The unit is successful because it is done in three parts: background, jungle animals and details. Motivation comes from Henri Rousseau’s painting, The Dream. We talk about how he had no formal art training nor did he ever see a jungle; he created his work by visiting the zoo and botanical gardens. This gives students confidence to do their own work, especially with the sequence of steps, so they have the vision.

We start by creating the background. They tear green paper to create the tall grasses of the jungle, and tear the trees out of brown paper, topping them off with large leaves of various colors. They also add black marker for texture lines to the veins of the leaves and trees.

Next, we move onto creating the animals of the jungle. We talk about how animals are formed from simple shapes, certain colors and varied sizes. Students were asked to create two to three animals. I would remind them constantly to think of their animals in terms of a simple shape, a certain color and to experiment with overlapping animals. This gives the appearance of strolling through the jungle.

Finally, we added details by tearing clouds, flowers and birds. Students transformed their own ideas to reflect how they felt about their own individual jungle art.

Submitted by Rosie Crnecki,
Sunnyside School, Sobieski, Wis.

     
     
     
     
Aspen Trees
by Elaine Canfield, October 2002
     
             
     
     
             
     

Being a big fan of Arts & Activities, I look forward to its art lessons every month. I’ve resorted to cutting out my favorites, laminating them and putting them in a binder by grade level.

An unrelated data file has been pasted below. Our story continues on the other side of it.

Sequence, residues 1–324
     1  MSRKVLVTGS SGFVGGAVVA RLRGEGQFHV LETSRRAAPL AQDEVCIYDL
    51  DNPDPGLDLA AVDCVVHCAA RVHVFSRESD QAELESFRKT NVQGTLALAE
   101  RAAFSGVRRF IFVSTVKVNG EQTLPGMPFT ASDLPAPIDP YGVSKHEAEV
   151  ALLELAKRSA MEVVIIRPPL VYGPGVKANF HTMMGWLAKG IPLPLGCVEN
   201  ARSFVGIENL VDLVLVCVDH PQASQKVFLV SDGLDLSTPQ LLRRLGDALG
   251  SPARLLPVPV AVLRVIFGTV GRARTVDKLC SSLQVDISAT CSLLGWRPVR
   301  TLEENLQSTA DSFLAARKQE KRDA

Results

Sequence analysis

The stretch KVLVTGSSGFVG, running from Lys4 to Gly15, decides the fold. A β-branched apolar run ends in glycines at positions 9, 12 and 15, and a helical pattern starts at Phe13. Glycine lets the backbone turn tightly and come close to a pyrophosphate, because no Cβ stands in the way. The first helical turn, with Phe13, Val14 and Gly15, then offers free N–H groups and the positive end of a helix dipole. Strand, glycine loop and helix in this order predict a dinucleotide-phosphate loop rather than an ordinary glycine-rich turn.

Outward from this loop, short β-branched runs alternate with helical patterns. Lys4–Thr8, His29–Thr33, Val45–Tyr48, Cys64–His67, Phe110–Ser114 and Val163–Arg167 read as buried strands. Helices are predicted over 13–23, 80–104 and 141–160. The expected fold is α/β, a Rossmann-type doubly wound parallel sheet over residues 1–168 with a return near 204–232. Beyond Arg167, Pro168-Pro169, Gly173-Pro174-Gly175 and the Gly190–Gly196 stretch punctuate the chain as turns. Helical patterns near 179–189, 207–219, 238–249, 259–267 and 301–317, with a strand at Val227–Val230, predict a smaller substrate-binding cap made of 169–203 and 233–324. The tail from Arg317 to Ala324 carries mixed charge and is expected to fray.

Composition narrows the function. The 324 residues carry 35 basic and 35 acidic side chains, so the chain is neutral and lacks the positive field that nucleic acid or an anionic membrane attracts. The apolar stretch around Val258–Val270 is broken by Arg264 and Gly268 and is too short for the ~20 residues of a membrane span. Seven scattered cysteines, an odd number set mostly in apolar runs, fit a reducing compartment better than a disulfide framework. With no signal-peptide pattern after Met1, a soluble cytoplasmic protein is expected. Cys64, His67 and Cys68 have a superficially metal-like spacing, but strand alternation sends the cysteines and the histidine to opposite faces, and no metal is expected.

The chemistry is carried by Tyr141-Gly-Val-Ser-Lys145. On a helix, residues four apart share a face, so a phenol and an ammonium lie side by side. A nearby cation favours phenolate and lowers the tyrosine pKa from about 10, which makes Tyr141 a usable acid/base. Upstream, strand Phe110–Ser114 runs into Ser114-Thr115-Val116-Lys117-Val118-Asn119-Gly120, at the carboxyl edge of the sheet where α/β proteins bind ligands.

When I tell my coworkers I’m going to do the Arts & Activities “Aspen Trees” project with my fifth-graders, everyone is excited. “Oh, I love that project,” and “It’s my favorite,” are some of the responses. We follow the directions with a few changes: I have them draw a horizon line first on 12" x 18" paper, so we know where to place the trees. I also squeeze the black paint onto palette paper so each student can reach it.

We use cardboard cut into long rectangles for the tree trunk. We dip into the paint, tap off the excess, and then slide it on the paper. While that is drying, we use watercolor to paint the grass with browns and greens and the sky with different blues. Using acrylic paint and different-sized fan brushes, we paint the treetops. I explain the dry-brush technique and tell students they don’t need to rinse out their brushes and can use up to three colors at a time for the feathery effect. For the ground they can flick the brush or hop like the treetops are done. The end result is beautiful.

As we were working on this project, our principal, who had been on a trip to Colorado during last summer, came into the classroom. He looked at the students’ projects and said, “Ah, aspen trees.” It made my day!

Submitted by Karen Smith,
Wading River (N.Y.) School

     
     
     
     

Who Said Giraffes Can’t Dance?
by Mary Lu Lovett, September 2002

     
             
     
     
             
     

This is always a favorite when exhibited—you can’t help but smile at the dancing antics and expressions of these giraffes! I was not familiar with the book Giraffes Can’t Dance before seeing this article. Not only is this a fun art lesson, but it is a wonderful character story about not giving up as well. I did the project with second-graders and it was a great way for them to study horizon line, foreground and background. They were also proud that they were able to use watercolor and oil pastel successfully. We listened to African music while creating our dancing giraffes. As stated in the original article, this could be worked into a study of Africa. I used it as a literary connection.